Put Michael Fassbender, Javier Bardem and Penelope Cruz in the same movie and you should, in theory, have fireworks.
Add Ridley Scott as director, then throw in Brad Pitt and Cameron Diaz, and it ought to be a surefire explosion. Alas, this thriller about a drug deal gone wrong is something of a misfire, albeit a fascinating one.
Fassbender is a lawyer in love with Cruz (“Life is being in bed with you,” he tells her. “Everything else is just waiting.”). To pay for their future together, he unwisely provides legal cover for a huge drug shipment set up by Bardem’s wildly over the top fixer, Reiner.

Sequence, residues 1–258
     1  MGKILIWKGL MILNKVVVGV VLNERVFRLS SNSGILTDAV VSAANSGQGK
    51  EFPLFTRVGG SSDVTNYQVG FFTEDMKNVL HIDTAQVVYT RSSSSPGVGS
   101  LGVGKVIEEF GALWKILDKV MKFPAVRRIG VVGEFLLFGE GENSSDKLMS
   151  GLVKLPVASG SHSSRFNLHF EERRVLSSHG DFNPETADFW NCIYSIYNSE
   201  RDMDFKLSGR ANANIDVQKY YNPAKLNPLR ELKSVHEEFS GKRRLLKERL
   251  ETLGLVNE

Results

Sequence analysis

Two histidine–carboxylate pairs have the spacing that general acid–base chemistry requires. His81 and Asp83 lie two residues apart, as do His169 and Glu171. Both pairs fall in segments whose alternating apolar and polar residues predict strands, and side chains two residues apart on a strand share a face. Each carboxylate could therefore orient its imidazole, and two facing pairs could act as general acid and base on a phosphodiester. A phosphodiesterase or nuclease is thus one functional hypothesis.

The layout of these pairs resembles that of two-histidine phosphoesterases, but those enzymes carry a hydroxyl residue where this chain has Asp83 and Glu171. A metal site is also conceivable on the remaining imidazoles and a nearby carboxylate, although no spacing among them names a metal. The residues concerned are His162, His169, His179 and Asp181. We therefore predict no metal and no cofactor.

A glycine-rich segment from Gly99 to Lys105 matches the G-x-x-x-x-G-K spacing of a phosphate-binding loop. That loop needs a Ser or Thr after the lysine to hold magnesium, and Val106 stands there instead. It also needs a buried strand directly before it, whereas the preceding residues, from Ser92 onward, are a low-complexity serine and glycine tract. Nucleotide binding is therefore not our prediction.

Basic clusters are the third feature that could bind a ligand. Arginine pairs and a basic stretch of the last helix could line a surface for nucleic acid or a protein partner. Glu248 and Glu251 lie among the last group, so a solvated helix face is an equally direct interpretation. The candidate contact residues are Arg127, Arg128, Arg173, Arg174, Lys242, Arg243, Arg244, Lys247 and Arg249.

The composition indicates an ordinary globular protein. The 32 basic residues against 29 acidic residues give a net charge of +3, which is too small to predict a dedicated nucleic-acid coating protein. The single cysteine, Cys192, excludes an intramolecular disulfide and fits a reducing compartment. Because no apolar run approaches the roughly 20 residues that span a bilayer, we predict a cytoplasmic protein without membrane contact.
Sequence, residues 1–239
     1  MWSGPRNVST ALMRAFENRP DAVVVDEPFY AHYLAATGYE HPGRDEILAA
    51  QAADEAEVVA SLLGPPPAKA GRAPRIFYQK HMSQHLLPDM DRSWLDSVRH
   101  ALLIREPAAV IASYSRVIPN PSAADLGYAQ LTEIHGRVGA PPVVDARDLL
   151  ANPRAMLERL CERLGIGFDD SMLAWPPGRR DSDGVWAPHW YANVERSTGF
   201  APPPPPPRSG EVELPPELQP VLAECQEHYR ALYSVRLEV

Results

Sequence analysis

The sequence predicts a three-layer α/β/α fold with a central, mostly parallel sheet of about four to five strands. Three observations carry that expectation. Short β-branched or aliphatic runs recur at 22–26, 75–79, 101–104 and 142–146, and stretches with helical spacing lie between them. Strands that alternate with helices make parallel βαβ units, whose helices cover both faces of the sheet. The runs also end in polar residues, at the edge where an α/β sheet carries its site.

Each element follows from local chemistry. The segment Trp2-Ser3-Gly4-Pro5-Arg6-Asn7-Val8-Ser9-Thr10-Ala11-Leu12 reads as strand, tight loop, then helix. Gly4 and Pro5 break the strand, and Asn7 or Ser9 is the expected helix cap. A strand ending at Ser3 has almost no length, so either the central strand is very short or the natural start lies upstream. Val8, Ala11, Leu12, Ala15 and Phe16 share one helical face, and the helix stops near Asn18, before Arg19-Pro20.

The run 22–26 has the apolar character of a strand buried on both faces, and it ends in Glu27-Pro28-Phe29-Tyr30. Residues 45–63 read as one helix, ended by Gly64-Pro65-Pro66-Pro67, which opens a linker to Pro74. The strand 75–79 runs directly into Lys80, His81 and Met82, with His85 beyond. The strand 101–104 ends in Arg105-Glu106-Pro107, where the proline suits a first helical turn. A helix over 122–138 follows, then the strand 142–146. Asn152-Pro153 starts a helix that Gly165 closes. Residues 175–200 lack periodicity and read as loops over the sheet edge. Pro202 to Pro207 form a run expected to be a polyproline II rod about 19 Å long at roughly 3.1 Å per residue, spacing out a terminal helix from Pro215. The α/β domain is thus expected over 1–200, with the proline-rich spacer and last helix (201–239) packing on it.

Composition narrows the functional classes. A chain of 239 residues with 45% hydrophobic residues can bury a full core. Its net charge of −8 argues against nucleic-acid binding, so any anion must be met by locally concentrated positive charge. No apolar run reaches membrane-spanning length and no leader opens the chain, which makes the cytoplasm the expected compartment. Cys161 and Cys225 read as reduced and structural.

Written by Cormac McCarthy and set in his familiar US-Mexico border territory, this is not another triumph like No Country For Old Men.
For a writer who wastes very few words on the page, the Pulitzer prize winner’s dialogue is mired in verbosity. He seems to have got carried away as his characters wax on about good, evil and the flaws of man.
McCarthy is a man’s writer. Women tend to enter his world as archetypes, in this case Diaz’s femme fatale and Cruz’s sweetly innocent wife.
Diaz’s vamp routine as Bardem’s mistress is bonkers rather than menacing – watch her as she mounts Bardem’s motor for kicks.
The philosophical script might have worked in a movie that was more overtly surreal, but Scott sticks to the conventions of the Hollywood thriller.
After a while, all the shots of fancy houses and cars do make it feel a bit like a 1980s TV commercial.
The result is occasionally brilliant but mostly self-conscious and overcooked, with some shocking violence in the last third.
On the plus side, the score and soundtrack are excellent.
Review by Joe Gill